Will Harvey Nichols’ mobile-only loyalty scheme pay dividends or will it prove a bridge too far even for today’s rapidly evolving consumer?
There is no doubt the pace of smartphone adoption in the UK has been astonishing, but it takes a brave retailer to eschew a card when it comes to its loyalty scheme.
Neal Fairfield, head of planning at digital marketing agency Razorfish, points out Capgemini research has found 77% of loyalty schemes that require customers to make a purchase in return for points failed in the first two years.
It would appear Harvey Nichols has an uphill struggle on its hands by bucking perceived wisdom that card-based schemes are the best.
However, Fairfield is a staunch supporter of mobile-based loyalty schemes because he believes that only digital loyalty schemes on mobile devices allow retailers to track both online and physical shopping at the same time.
“The success of Harvey Nichols’ scheme is about getting enough people on it and learning from the data very quickly,” says Fairfield.
Richard Madden, chief strategy officer at customer relationship management firm Kitcatt Nohr, believes the advantages of an app-based loyalty programme are manifold.
Perhaps the most compelling advantage for a retailer is how much cheaper such a scheme is.
Madden points out there are no mailing costs associated with an app-based scheme, for instance.
Another advantage is the intuitiveness of such a scheme for a consumer that is increasingly glued to their mobile devices.
“People are wandering around with their mobile phones and constantly looking down rather than up,” says Madden. “It has become an extension of themselves.”
Harvey Nichols’ own research showed that over 80% of its customers preferred an app “rather than another card in their wallet”, the retailer says.
Harvey Nichols group marketing and creative director Shadi Halliwell says: “Rewards by Harvey Nichols is uniquely different to competitors’ loyalty schemes, firstly because it’s an app, which we believe is the future of communication with our customers-instant, personalised and modern - and secondly it offers brilliant and indulgent experiences which will help our customers be fearlessly stylish.”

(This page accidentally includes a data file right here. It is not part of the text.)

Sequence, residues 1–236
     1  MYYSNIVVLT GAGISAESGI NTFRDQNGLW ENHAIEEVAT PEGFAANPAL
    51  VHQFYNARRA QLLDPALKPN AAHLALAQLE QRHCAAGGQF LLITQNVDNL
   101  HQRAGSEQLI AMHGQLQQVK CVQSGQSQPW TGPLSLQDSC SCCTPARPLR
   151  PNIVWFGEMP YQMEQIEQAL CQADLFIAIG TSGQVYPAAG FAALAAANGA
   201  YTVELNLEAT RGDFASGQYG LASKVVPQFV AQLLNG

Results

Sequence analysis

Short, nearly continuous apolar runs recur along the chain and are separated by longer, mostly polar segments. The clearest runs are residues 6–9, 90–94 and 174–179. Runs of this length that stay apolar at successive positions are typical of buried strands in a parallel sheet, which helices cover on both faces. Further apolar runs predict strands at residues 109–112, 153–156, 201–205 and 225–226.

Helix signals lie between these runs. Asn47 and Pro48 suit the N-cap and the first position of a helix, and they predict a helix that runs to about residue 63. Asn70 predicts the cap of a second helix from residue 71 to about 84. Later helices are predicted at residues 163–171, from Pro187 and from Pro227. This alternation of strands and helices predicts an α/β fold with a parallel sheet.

The location-based marketing potential of a Harvey Nichols-style loyalty scheme is another key advantage.
Madden said Kitcatt Nohr is working with a shopping centre group on beacon technology that is able to triangulate mobile marketing messages within a single square metre.
This means companies will be able to use such accuracy to make loyalty apps act as a virtual “personal assistant” while in-store, predicts Madden.
When it comes to disadvantages of an app-based loyalty scheme, both Madden and Fairfield find drawbacks hard to identify.
Madden points out a “flippant” advantage of a loyalty card is that its “battery never runs out”.
A physical loyalty card can also add kudos when proudly displayed in a user’s wallet, while an app-based loyalty scheme is less visible.
There has been speculation that mobile apps could soon disappear as consumers get app fatigue, but Madden dismisses the notion that this will be the case when it comes to the loyalty space.
“I think consumers are already tired of having so many loyalty cards in their wallet and they are using up real space rather than virtual space,” says Madden.
Madden draws on his agency’s time working on the launch of Starbucks’ mobile loyalty app in the UK by pointing out that after the launch “a lot of people junked their plastic card”.
If people are prepared to throw away their cards in favour of having a mobile only loyalty scheme, then it would appear Harvey Nichols is on the right track.
However, Fairfield sounds a note of caution before encouraging retailers to join Harvey Nichols by jumping into mobile loyalty with both feet.
“I think loyalty cards will become increasingly redundant as shopping becomes far more personalised and far more efficient,” says Fairfield.
House of Fraser appears to be in agreement with Harvey Nichols’ philosophy. It has revealed members of its loyalty scheme will be able to use the updated iPhone app instead of their card, thus “negating the need to carry their physical reward card”.
And with the mobile payments revolution gathering pace, it would be a foolhardy retailer that does not investigate the possibilities of mobile loyalty schemes.